Thursday, 11 May 2017

The I I Once Was

I am no longer the “I” of that episode; but it is still possible for me to remember what happened, perhaps even to tell it. I am still, however incompletely, Borges.
From ‘The Zahir’ in Jorge Luis Borges, Labyrinths: Selected Stories & Other Writings, New Direction Books: New York, 2007, p. 156

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Time inexorably moves forwards and we all change. I am not the person that I used to be; nor am I my past lives in which, perhaps, I was a wolf padding through a northern forest, or a dragonfly that only lived for three light-filled summer days. Yet, something of the I I once was must still exist in the I I am now, for time spirals indefinitely, circling over lost ground never actually lost, coming back to where it started, and beginning again.

Therefore, some part of me is capable of remembering the events of my past, remembering my thoughts and feelings, even reliving them, and is thus capable of telling my story—though it may be interspersed with fiction masquerading as fact, incorrect recollections, dreams permeating memory.

I will make an attempt at relating the tale of who I once was, though I cannot vouch for its accuracy.

October 2014

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Because I haven’t been able to write much recently I’ve been led to seek inspiration by looking back at past work, such as the short piece of writing above, which I think is rather special, but also some of my old art. When I created this blog, I did hope (perhaps a little too optimistically) that it would motivate me to make more art, to share some of my creative explorations, but so far there has been little of that. Yet I thought I would take this opportunity to share some of the art from my past, to give you some vague impressions of who I once was, what interested me, and what I loved.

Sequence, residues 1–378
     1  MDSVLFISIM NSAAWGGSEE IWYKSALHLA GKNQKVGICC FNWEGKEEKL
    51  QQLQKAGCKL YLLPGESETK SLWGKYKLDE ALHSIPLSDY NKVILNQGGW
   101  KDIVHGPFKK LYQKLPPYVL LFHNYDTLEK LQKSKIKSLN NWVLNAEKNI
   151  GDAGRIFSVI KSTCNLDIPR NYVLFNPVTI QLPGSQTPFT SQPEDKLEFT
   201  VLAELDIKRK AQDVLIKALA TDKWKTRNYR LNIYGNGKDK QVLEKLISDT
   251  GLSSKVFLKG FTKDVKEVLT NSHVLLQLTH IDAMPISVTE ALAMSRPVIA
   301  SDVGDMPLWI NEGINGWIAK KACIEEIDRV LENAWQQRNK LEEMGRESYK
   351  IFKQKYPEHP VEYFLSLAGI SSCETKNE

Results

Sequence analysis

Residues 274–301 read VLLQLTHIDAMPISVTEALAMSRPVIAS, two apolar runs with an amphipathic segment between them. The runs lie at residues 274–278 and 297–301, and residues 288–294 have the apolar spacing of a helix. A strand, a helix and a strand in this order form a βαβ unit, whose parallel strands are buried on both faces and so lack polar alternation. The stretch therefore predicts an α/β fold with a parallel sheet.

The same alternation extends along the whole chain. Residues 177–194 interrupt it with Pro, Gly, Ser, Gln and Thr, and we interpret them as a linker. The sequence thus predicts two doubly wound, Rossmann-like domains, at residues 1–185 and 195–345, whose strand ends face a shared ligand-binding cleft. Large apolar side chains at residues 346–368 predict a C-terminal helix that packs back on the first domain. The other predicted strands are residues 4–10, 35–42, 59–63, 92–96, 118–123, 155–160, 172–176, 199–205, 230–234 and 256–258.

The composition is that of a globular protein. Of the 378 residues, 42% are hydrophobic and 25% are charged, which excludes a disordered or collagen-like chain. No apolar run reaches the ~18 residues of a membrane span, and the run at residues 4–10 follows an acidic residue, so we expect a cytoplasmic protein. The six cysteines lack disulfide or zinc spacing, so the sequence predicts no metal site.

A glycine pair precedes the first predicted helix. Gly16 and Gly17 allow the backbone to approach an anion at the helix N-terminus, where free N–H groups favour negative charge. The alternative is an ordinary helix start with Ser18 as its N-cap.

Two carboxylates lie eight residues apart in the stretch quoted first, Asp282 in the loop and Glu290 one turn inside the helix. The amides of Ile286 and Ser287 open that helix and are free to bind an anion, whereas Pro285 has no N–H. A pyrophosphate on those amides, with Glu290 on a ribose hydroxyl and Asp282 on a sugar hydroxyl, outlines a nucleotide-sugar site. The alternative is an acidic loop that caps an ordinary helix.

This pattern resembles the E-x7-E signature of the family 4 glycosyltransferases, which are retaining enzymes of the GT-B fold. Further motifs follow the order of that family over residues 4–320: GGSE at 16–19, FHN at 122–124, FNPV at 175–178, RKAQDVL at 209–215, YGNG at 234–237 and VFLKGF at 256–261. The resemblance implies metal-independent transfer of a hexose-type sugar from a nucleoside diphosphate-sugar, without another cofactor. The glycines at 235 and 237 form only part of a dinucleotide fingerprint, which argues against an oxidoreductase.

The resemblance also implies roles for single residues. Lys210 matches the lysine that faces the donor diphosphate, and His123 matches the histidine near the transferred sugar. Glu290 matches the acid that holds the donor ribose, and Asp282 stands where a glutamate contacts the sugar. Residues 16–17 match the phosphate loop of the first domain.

I am, and am not, the girl who created these works.


Page from art diary, 1997; oil pastels, watercolours, pen and pencil


Page from art diary, 1997; pencil and gold pen, and featuring a quote about dragons from Ursula Le Guin’s The Farthest Shore (Earthsea #3)


Study of arm (after Michelangelo), page from art diary, 1998; pencil


Argea, the Fateful Faery (sketch after Brian Froud), 1999; pencil


The Green Lady of the Faery Knoll (sketch after Brian Froud), 1999; pencil


Rock Painting, etching, 1999; the acid bit into my plate a little unevenly, so I struggled to get any decent prints, but I do love this design


Reflections, 1999; photograph created by sandwiching two negatives together (one of a tree, the other of ripples in water)—this image was published in Sydney University’s literary and creative arts journal, Hermes, in 2001


Page from art diary (faerie sketches after Brian Froud), 2000; pencil, ink, watercolours and pen


Page from art diary, 2000; collage and pen


Waterlilies, 2000; photograph


Tree, page from art diary, 2001; watercolours and ink


Four trees, page from art diary, 2001; pen and ink


Page from art diary, 2001; pencil


Goddess figures, page from art diary, 2001; pencil (I was clearly inspired by the Venus of Willendorf and other such figures)


Four abstract works, 2002; acrylic paint and Japanese ink


Girl, page from art diary, 2002; gouache

2 comments:

  1. Wow, Therese, these are amazing! I have a couple of old art journals, but I threw a lot away (especially the writing journals) after the stroke, as I didn't want reminding what I COULD do before (I couldn't read or write for 2 years). I regret it now, but there you are...
    I've just posted pics from my Lenten logbook - finally finished!
    http://nestofmist.blogspot.co.uk/2017/05/finished-finally.html

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    Replies
    1. Thank you, Claire. I've only shared the very best of my work, but going through those old diaries has reminded me of how much I used to just draw and create things, purely for the love of it—something I rarely do nowadays. I guess we can't help changing, or being changed, but we can remember who we were, and build upon who we are now. At least, that is what I hope/intend to do.

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